Iarnród Éireann is the national railway system operator of Ireland. Established on 2 February 1987, it is a subsidiary of Córas Iompair Éireann . It operates all internal intercity, commuter and freight railway services in the Republic of Ireland, and, jointly with Northern Ireland Railways, the...

 (IÉ) on 1 September 2005 to present the results of a traffic study funded by Nenagh Town Council and North Tipperary County Council
North Tipperary County Council
North Tipperary County Council is the local authority which is responsible for the county of North Tipperary in Ireland. The Council is responsible for Housing and Community, Roads and Transportation, Urban planning and Development, Amenity and Culture, and Environment. The county seat is in Nenagh...

, and to seek a morning and evening service between Nenagh and Limerick which would increase commuter traffic. IÉ agreed to delay an afternoon service from the December 2005 timetable and to work towards an early service when equipment permitted from 2007.

While the twice-a-day service on the Ballybrophy/Limerick line is poor, Nenagh is only 37 km from Thurles, which is on the main Dublin/Cork line, and which has around 18 trains daily in each direction, including non-stop services to and from Dublin.

Features and attraction

The town's historic attractions include Nenagh Castle, the Heritage Centre and the ruined Franciscan
Franciscan
Most Franciscans are members of Roman Catholic religious orders founded by Saint Francis of Assisi. Besides Roman Catholic communities, there are also Old Catholic, Anglican, Lutheran, ecumenical and Non-denominational Franciscan communities....

 abbey
Abbey
An abbey is a Catholic monastery or convent, under the authority of an Abbot or an Abbess, who serves as the spiritual father or mother of the community.The term can also refer to an establishment which has long ceased to function as an abbey,...

. It has a mild climate, with the average daily maximum in July of 19 °C and the average daily minimum in January of 3 °C.

History

Nenagh is located in the Barony of Ormond Lower which was the traditional territory of the O'Kennedys prior to the Norman invasion of Ireland
Norman Invasion of Ireland
The Norman invasion of Ireland was a two-stage process, which began on 1 May 1169 when a force of loosely associated Norman knights landed near Bannow, County Wexford...

. This land was included in the grant made by King John of England
John of England
John , also known as John Lackland , was King of England from 6 April 1199 until his death...

 to Theobald, eldest son of Hervey Walter of Lancashire, England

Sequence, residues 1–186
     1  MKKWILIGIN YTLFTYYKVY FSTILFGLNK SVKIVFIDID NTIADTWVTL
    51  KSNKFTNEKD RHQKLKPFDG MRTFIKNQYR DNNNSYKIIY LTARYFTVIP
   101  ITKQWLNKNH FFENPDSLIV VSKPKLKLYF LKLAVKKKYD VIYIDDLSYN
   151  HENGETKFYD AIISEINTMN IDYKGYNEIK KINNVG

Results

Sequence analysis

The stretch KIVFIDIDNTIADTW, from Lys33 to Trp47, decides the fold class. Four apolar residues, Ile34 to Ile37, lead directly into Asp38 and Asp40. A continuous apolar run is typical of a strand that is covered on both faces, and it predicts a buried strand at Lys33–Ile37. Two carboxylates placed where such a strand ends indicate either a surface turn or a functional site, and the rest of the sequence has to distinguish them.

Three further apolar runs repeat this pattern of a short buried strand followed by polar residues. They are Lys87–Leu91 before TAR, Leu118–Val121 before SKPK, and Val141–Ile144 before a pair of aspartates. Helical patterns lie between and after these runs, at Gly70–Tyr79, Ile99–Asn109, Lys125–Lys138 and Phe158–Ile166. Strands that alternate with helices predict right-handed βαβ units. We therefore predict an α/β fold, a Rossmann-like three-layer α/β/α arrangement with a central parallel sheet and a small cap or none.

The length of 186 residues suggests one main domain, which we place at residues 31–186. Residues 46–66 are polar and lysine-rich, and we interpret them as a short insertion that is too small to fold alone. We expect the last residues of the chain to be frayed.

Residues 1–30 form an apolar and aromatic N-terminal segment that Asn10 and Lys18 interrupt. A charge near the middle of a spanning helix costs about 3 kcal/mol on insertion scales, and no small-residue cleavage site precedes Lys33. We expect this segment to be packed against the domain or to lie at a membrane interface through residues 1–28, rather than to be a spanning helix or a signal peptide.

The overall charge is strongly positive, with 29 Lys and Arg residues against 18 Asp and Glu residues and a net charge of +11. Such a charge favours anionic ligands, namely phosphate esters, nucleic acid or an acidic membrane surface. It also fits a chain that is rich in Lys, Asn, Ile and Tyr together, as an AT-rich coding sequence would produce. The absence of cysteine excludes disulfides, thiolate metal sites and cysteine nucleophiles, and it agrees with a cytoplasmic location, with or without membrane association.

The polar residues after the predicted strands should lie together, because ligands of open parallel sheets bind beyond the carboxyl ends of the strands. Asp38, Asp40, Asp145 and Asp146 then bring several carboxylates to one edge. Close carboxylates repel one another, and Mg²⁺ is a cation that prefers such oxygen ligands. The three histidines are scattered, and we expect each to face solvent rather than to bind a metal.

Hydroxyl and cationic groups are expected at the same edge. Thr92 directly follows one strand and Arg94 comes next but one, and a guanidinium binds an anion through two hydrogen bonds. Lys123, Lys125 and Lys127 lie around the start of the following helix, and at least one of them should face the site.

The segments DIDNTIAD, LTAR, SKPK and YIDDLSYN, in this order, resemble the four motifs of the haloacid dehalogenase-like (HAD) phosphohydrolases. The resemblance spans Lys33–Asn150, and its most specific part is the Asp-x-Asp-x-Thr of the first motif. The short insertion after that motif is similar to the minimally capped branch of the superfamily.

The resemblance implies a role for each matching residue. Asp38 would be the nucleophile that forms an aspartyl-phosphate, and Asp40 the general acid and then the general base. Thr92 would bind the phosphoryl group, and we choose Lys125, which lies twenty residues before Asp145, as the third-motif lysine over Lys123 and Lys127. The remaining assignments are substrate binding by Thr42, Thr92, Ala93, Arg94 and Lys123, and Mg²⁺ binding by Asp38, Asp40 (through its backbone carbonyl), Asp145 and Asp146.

Lancashire
Lancashire is a non-metropolitan county of historic origin in the North West of England. It takes its name from the city of Lancaster, and is sometimes known as the County of Lancaster. Although Lancaster is still considered to be the county town, Lancashire County Council is based in Preston...

. Theobald was subsequently appointed Chief Butler of Ireland.
Nenagh Castle was built c. 1216 and was the main castle of the Butler family
Butler dynasty
Butler dynasty refers to the several branches of the Butler family that has its origins in the Cambro-Norman family that participated in the Norman invasion of Ireland in the 12th century. Variant spellings include le Boteler and le Botiller. The surname has its origins in the hereditary office of...

 before they moved to Gowran, County Kilkenny
County Kilkenny
County Kilkenny is a county in Ireland. It is part of the South-East Region and is also located in the province of Leinster. It is named after the city of Kilkenny. The territory of the county was the core part of the ancient Irish Kingdom of Osraige which in turn was the core of the Diocese of...

 in the 14th century. The family later purchased Kilkenny Castle
Kilkenny Castle
Kilkenny Castle is a castle in Kilkenny, Ireland built in 1195 by William Marshal, 1st Earl of Pembroke to control a fording-point of the River Nore and the junction of several routeways...

 which was to the main seat of their power for the next 500 years. The town was one of the ancient manors of the Butlers who received the grant of a fair from Henry VIII of England
Henry VIII of England
Henry VIII was King of England from 21 April 1509 until his death. He was Lord, and later King, of Ireland, as well as continuing the nominal claim by the English monarchs to the Kingdom of France...

. They also founded the medieval priory and hospital of St John the Baptist, just outside the town at Tyone. A small settlement grew up around the castle, but it never seems to have been of any great importance other than as a local market throughout the medieval period. An important Franciscan friary was founded in the town in 1252 in the reign of Henry III of England
Henry III of England
Henry III was the son and successor of John as King of England, reigning for 56 years from 1216 until his death. His contemporaries knew him as Henry of Winchester. He was the first child king in England since the reign of Æthelred the Unready...

 which became the head of the Irish custody of West Ireland and was one of the richest religious houses in Ireland. The Abbey was in use for six hundred years; Fr. Patrick Harty, who died in 1817, was its last inhabitant.
The town seems to have been refounded in the 16th century. In 1550 the town and friary were burned by O'Carroll. In 1641 the town was captured by Owen Roe O'Neill
Owen Roe O'Neill
Eoghan Ruadh Ó Néill , anglicised as Owen Roe O'Neill , was a seventeenth century soldier and one of the most famous of the O'Neill dynasty of Ulster.- In Spanish service :...

, but shortly afterwards it was recaptured by Lord Inchiquin. It surrendered to Ireton
Henry Ireton
Henry Ireton was an English general in the Parliamentary army during the English Civil War. He was the son-in-law of Oliver Cromwell.-Early life:...